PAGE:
We’d happily play games together side by side in beanbags until the support hurt his back and he’d scoot the system back across the wooden floor to give the controllers more reach and sit on the coffee table. I copied my dad in just about everything he did so I planted my butt right next to his atop the table and watched him play.
The look of abject horror on my mom’s face was priceless. “James!” Everybody called my dad “Jim” but when my mom and I needed to get across that we were being serious, we called him ‘James’ instead of his nickname or dad. She said something along the lines of us having beanbag chairs for a reason and to not sit on the table because I’d make it a habit, or worse, think that it’s an acceptable thing to do as an adult.
Any time my mom was out of the house, my dad and I would sit on the coffee table and play games. When we heard the garage door lift we’d slide off the table into the beanbag chairs and sit there innocently like we hadn’t moved. The rivets in our jeans betrayed us and we scuffed up the table, much to my mom’s dismay.
In the mid 90s, game consoles were cheaper to buy and not as hard of a sell as the systems that initially followed the NES, but we never got any of them. I can’t remember playing any games on the SNES, but I can remember seeing Smash in action on an N64 at a friend’s house as we mercilessly beat each other with Link and Mario. I can remember distinctly playing a sushi game in Pokémon Stadium. My mom worked in a children’s dental office throughout my childhood, and on summer breaks or teacher workdays, would bring me with her. I’d spend hours either watching movies in the waiting room or greedily hogging the PS1 to do my best in Rayman or Crash Bandicoot. The slew of games that were tossed in our young faces was overwhelming and while I wanted to get my hands on all of them, I was more than content to play on my NES at home and try my best to beat the games before I moved on.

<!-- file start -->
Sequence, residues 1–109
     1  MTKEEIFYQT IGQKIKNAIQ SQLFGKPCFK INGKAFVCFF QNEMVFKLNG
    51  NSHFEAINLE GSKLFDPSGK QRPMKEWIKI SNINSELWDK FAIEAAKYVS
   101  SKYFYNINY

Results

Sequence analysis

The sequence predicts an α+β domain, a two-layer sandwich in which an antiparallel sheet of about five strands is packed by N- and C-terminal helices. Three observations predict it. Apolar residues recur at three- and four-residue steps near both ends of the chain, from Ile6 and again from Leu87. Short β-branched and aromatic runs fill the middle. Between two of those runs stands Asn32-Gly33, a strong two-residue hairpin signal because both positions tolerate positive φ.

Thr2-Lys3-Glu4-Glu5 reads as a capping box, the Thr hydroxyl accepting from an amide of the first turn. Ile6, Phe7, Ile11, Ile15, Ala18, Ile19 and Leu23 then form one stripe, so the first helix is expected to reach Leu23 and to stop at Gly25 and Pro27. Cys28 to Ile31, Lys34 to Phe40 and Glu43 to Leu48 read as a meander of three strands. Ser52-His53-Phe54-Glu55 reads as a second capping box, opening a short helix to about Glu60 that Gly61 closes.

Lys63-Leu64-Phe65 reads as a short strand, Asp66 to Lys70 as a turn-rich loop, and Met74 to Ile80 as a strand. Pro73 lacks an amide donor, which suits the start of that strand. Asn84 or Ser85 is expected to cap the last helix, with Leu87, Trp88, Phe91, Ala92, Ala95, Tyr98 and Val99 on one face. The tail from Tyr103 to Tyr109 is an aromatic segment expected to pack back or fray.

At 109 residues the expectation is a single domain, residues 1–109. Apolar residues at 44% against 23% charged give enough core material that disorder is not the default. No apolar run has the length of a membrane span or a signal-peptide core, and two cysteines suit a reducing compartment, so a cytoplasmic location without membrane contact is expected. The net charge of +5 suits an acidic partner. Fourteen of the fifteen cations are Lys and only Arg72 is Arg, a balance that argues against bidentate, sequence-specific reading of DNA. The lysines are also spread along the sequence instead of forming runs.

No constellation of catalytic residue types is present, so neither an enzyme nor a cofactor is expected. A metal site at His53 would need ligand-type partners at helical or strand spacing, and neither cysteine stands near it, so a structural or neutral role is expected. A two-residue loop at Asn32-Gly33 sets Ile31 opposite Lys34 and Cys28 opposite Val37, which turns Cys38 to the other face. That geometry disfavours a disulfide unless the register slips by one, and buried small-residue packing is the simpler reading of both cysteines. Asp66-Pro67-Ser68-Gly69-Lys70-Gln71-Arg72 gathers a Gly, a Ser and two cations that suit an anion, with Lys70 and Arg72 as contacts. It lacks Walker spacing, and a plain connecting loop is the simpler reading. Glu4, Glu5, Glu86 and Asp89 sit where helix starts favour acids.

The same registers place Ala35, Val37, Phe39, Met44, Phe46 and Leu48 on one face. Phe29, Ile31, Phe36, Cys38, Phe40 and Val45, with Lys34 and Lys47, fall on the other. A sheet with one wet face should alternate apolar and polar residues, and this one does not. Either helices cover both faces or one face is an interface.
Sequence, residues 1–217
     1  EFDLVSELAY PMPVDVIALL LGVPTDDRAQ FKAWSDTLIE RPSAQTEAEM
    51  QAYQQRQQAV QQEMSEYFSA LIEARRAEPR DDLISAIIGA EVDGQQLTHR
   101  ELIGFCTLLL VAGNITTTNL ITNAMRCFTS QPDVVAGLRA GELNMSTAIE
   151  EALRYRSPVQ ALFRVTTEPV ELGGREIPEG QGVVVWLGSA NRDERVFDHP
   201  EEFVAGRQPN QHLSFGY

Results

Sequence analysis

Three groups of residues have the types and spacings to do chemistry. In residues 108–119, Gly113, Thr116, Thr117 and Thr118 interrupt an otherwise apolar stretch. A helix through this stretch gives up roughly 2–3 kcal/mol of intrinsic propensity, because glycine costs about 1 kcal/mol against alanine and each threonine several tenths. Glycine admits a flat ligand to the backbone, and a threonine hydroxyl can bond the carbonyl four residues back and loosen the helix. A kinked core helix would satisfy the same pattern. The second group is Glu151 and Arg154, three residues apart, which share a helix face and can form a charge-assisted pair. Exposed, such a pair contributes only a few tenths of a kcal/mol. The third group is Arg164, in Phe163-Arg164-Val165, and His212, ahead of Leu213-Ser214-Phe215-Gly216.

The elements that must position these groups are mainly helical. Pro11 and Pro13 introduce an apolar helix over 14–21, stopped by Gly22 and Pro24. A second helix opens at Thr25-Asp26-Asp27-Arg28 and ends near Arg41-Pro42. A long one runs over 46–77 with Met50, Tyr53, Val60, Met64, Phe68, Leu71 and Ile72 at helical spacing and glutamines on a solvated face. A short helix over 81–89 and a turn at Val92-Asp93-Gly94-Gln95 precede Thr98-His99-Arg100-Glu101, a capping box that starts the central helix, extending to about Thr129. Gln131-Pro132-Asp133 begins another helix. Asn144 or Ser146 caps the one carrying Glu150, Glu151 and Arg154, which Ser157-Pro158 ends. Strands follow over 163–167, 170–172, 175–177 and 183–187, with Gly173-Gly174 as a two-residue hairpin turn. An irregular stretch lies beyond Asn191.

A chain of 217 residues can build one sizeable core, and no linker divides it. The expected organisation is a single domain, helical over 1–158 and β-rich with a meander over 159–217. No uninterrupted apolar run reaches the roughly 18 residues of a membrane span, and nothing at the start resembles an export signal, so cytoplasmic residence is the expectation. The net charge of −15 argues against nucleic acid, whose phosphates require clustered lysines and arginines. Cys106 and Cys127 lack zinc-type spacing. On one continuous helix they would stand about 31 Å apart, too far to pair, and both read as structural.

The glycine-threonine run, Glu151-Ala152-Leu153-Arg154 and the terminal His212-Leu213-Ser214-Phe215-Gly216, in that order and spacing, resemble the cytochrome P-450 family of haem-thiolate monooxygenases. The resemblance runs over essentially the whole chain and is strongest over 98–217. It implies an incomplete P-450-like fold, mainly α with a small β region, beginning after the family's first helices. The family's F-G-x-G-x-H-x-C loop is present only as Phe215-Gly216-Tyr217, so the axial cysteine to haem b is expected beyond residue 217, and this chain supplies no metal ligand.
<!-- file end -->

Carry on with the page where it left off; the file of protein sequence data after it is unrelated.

We got a van with a television and VCR in it since we did a great deal of driving. On one occasion, my dad and I had a road trip from Georgia back to New York, unfortunately for a funeral, but my dad actually hooked the NES up for me to play in the back seat. We’d sit together in the back seats and play Mario when my dad was tired of driving and needed a quick pit stop.
In 1998 the Game Boy Color was released and it was also when my dad started to get sick. The next few years were spent in and out of hospitals. My mom would pick me up from school and we’d sit in traffic to spend the afternoons and evenings with him before I’d have some time to myself to play games and go to bed. I won’t go into the details of my father’s illness, but three years later in 2001 he was gone. The last few months of his life he had spent out of home, in the hospital waiting for a heart transplant. We did everything to make his, as he called it, “home away from home” as comfortable and like our home as possible. We decorated his room and he kept his chunky laptop from work with him, and on one occasion, “snuck” our cat in to see him. We rented videos he wanted to see and left his favorite VHS tapes with him so he could pop in a movie whenever he wanted. We of course brought him the NES so he could play games when we were gone. Sometimes we’d play together and we did our best to get to Princess Toadstool.